I’ve twice had the pleasure of hearing Gabeba Baderoon read aloud her poem, Fit. Once was at Hugh Hodge’s live poetry venue, Off the Wall, in Observatory, where she was guest poet. It was a most suitable venue, with its sense of gold walls and heavy faux-velvet curtains.
She has a beautiful voice and there was no hurry in her graceful depiction of her father’s skill as a tailor. The smell of fabric was evident, so was the way her father masterfully formed cloth about his wife’s body into a beautiful garment. Pins, thimble, buttons … I wanted to walk into the dim shop and ask for thread.
Dim light of the tailor shop, small bell calling
him from the back, shelves with their bottles
of buttons, a thimble, dust and thread
of cuttings on the floor.
To make a coat, search
in all the fabric shops from Wynberg
to Town for cotton, silk, wool.
He licks the forefinger to turn to a new page
in the small black book with red binding
and, with a thick stub of pencil, measures
the arm from collarbone to wrist, elbow bent.
At the waist, two fingers go
on the inside of the measuring tape
to allow a give of flesh between
the measure and the fit
He translates the length and hardness
of the bones, the breath and change
of the human body
into the flat numbers of the pattern.
My father loved to see
my mother wear the clothes he made for her.
At the fitting, holding pins at the side
of the mouth, he lifts the dress from its hanger,
seams pressed but not yet finished
with buttons and hems.
She puts it on, turning
the cloth from two dimensions into three.
Always this taking shape around the body,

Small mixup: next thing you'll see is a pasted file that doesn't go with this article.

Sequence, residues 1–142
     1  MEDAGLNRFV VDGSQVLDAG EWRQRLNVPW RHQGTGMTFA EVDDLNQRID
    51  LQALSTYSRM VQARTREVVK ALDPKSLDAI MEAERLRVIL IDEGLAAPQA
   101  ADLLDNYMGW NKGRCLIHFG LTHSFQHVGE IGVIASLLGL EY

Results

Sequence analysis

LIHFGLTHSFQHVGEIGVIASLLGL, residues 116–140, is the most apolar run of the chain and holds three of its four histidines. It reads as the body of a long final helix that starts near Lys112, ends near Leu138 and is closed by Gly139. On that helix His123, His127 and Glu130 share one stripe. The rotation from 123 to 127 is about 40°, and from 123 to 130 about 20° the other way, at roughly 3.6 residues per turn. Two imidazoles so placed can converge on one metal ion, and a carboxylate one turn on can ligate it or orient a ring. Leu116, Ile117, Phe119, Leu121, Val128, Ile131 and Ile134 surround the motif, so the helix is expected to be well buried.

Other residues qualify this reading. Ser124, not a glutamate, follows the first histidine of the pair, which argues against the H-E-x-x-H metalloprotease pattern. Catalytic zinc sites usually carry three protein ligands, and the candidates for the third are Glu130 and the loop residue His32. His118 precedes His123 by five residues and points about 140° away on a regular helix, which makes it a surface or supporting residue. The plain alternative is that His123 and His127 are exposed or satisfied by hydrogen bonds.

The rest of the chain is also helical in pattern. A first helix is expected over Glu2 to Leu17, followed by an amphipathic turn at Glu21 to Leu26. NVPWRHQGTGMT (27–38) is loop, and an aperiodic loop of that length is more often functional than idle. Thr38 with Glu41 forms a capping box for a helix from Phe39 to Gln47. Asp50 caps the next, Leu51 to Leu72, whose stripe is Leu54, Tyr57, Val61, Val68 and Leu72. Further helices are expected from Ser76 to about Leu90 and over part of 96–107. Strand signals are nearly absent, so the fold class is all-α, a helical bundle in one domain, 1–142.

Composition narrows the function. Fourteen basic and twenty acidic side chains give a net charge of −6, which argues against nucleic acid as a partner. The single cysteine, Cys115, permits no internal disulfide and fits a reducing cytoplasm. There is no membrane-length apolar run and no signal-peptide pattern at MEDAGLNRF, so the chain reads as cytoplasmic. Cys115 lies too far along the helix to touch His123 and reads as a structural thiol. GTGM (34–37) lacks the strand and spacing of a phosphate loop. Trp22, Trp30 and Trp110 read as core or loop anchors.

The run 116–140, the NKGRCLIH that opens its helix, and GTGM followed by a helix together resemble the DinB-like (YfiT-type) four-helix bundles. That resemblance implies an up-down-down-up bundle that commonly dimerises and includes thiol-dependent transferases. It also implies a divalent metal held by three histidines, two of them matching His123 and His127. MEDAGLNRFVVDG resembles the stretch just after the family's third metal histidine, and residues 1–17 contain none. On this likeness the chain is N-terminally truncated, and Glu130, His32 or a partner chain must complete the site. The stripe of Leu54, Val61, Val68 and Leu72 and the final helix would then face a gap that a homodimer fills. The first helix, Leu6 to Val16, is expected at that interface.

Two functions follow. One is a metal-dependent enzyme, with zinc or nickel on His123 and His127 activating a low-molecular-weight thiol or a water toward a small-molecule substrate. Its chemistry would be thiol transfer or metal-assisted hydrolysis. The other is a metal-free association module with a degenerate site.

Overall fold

this translation again of breath into fit.
To watch my mother as she hurried
out of the house on her way to work, the swish
of her dress in the slipstream of her walk,
was to discover a rhythm too fine to see
in the steps themselves. To grasp it fully,
you had to watch the wake of her coat as she left.
//Kabbo’s request for thread
Stephen Watson (Informant: //Kabbo)
My thoughts spoke to me.
My thoughts, they spoke,
kept speaking in this manner,
commanding me to do this,
to speak to you, my mistress.
Thus my mouth, it speaks to you.
My mouth now says to you, a lady,
what I have long wished to say
when I lay thinking in the night,
while I lay awake upon my bed.
I thought that I would say to you,
I would come to ask my mistress, you,
if you would not give me thread
to sew in place the buttons
you gave me for my jacket.
Without this they will fall off.
Without thread, they will get lost.
And I – I keep on thinking of them,
I think, not a little gently, of the beauty
of these buttons that you gave me.
Fit by Gabeba Baderoon from A hundred silences. Kwela/Snailpress 2006
//Kabbo’s request for thread by Stephen Watson from Return of the moon: Versions from the /Xam. The Carrefour Press 1991. ISBN 0 9583060 7